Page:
"Hi guys, I watched a movie where like people had to leave Earth because it like sucked to live here. We should totally do that instead of improving what we have here." It currently costs about $10,000 to get 1kg of payload into space: multiply that by the average 70kg for a human and then again by 7 billion for everyone and then again by 900kg of food for everyone [that would last about a year, not nearly enough] and you get: $4,410,000,000,000,000,000 or 4.41 pentillion dollars. That does not include R&D, personnel training, actual construction of said spacecraft or any other costs, it's just the fuel cost to get that weight into low earth orbit, to find a new planet we'd probably have to travel for millennia. We. Are. Not. Evacuating. Earth. Less: Movies. More: Thinking. Please.
        1454
        • 1 Year Ago
        Most of this is safety related. It's not just for laziness. Given that most of todays drivers don't really need to be on the road, it makes perfect sense. Take them further and further away from the equation.
      John Hughan
      • 1 Year Ago
      Well judging by the much higher than average percentage of boneheaded moves I see from the drivers of their cars, Toyota is the perfect automaker to be looking into this.
      groingo
      • 1 Year Ago
      Of course all this stuff is software driven which means it can be hacked, hope it works better than their brakes and throttle system.
        1454
        • 1 Year Ago
        @groingo
        Hacked how? If it doesn't have wireless ports it can only be hacked if it is hardwired in someway. So your example is just dumb.
          John Hughan
          • 1 Year Ago
          @1454
          And what happens when hackers figure out how to impersonate a cars, sending out signals that cause nearby cars to react in a way that the hacker desires?
          1454
          • 1 Year Ago
          @1454
          Even with V2V, I'm sure the signals will be read only, so therefore the car would only be able to react to input signals from other cars, not be given instructions.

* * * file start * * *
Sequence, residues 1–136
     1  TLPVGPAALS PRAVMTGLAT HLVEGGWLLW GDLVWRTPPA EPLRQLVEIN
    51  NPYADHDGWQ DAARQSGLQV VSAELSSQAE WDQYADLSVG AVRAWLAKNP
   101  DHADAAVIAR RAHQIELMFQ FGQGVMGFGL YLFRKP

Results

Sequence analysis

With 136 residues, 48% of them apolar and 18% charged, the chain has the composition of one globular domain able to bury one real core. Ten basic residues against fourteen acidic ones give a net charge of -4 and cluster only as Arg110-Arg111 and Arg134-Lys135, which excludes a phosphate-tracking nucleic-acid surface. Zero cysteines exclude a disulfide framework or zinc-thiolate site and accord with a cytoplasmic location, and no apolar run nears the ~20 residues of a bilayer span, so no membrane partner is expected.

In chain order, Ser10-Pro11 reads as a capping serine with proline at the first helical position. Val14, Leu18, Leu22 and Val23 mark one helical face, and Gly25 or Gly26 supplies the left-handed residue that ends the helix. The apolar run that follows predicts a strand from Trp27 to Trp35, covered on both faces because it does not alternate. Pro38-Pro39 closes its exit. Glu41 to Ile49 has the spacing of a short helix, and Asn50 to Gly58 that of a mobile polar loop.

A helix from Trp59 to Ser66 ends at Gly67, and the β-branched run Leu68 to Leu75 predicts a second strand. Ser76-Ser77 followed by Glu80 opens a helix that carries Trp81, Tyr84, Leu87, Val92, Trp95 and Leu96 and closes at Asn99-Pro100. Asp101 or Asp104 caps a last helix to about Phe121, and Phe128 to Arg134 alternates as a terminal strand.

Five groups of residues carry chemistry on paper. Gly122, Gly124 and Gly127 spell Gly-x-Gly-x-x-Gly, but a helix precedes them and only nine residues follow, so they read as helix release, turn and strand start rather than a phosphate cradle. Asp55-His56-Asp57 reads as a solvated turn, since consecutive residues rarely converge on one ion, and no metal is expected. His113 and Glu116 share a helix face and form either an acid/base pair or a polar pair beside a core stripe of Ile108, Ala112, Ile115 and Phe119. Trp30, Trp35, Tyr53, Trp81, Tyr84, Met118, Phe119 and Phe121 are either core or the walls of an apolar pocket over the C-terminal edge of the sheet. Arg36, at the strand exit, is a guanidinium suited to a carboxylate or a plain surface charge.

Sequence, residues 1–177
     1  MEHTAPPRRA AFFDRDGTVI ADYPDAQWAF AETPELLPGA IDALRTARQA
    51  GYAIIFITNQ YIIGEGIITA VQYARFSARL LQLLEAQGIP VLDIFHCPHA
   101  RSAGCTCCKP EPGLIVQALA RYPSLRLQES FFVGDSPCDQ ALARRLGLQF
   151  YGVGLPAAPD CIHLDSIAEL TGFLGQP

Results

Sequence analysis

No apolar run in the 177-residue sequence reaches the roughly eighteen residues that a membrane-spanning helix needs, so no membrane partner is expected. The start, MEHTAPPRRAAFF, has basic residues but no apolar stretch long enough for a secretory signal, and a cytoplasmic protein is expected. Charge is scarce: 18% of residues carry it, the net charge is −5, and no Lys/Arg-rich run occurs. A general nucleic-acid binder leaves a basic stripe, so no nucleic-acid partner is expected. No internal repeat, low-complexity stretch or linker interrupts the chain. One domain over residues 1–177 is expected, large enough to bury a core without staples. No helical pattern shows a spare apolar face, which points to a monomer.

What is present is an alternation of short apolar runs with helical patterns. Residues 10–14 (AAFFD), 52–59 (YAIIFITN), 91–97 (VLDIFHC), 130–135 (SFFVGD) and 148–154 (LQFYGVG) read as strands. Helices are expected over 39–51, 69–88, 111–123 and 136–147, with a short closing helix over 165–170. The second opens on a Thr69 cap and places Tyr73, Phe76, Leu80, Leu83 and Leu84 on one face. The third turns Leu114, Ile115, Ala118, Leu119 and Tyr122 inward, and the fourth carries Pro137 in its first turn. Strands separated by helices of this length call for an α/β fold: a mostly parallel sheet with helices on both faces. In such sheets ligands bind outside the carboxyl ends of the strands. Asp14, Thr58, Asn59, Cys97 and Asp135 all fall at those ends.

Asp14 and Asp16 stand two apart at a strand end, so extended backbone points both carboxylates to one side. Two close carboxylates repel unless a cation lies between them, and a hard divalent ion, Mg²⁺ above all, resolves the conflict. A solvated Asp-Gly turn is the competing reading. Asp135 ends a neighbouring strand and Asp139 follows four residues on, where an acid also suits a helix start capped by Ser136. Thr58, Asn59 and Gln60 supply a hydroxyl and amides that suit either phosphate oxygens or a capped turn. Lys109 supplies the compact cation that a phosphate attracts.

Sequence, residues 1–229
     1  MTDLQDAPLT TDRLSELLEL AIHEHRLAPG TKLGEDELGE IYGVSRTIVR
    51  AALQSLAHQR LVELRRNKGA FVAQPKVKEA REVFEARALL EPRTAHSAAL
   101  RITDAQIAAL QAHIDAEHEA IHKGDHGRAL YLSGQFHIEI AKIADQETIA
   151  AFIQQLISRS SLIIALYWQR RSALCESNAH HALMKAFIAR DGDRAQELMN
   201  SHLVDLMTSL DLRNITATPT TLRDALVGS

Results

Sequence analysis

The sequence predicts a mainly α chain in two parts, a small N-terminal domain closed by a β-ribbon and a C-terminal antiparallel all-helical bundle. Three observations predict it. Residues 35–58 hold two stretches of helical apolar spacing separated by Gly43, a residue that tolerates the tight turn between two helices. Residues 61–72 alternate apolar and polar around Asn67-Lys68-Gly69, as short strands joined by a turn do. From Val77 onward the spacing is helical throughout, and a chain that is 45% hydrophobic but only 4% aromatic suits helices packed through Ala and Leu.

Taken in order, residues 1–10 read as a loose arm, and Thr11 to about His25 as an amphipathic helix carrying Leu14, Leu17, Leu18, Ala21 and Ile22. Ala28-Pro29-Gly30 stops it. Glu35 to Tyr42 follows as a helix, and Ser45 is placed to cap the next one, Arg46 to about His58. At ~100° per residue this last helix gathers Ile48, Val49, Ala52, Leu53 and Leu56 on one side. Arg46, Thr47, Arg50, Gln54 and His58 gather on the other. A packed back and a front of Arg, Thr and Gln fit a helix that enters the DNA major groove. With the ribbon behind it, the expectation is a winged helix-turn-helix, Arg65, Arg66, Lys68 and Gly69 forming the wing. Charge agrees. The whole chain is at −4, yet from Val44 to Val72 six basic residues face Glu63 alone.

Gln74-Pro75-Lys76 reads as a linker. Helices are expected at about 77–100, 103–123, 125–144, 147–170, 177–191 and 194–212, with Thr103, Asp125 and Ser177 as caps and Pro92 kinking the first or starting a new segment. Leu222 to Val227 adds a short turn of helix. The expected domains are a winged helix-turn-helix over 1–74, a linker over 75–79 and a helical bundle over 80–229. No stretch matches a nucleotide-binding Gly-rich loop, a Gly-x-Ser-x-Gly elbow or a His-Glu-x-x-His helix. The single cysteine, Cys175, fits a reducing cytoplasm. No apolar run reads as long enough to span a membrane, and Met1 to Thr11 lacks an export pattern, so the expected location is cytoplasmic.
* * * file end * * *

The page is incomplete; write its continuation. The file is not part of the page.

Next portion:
flychinook
          • 1 Year Ago
          @1454
          @ John Hughan Well if hackers managed to sort out all of that, yes, the car may crash. Or they could just cut the brake lines, or do any number of things that you can do to a car today.
          John Hughan
          • 1 Year Ago
          @1454
          @1454, only a tiny fraction of the population has the necessary access to planes to develop and test hacks. A significant percentage of the population owns cars. And even if hacks to planes WERE developed, the fact that few people own or can fly planes plus the FAA flight plan log requirement makes it a lot harder to hop into a plane and get close enough to other planes to screw with them (and then get away with it) than it is to jump into a car and do the same. Additionally, to my knowledge planes don't act automatically take action based on information they're receiving from other nearby planes.
        John Hughan
        • 1 Year Ago
        @groingo
        @flychinook Agreed. But the only point you're making is that cars aren't absolutely secure. But that doesn't mean we should automatically employ measures that make them dramatically less so. Jacking up a car and getting under it to cut the brake lines is a bit more involved and obvious than driving around with a laptop broadcasting a signal that messes up other cars. I'm not saying that vehicle-to-vehicle communication can't be done securely or even that it's a bad idea. What I'm saying is that automakers have historically not designed their software with security in mind because there was little to no threat of a hacker trying to compromise the system, but a vehicle-to-vehicle setup where cars automatically make decisions based on feedback from other devices around them poses a massive security concern that would have to be addressed.
      grtsch6134
      • 1 Year Ago
      ...this will never be a technology that gets added to cars...........toyota will quietly bury it, because never should the car override a driver's ability to control the car
        1454
        • 1 Year Ago
        @grtsch6134
        You mean like brake override switches? or shifter interlocking devices? Next......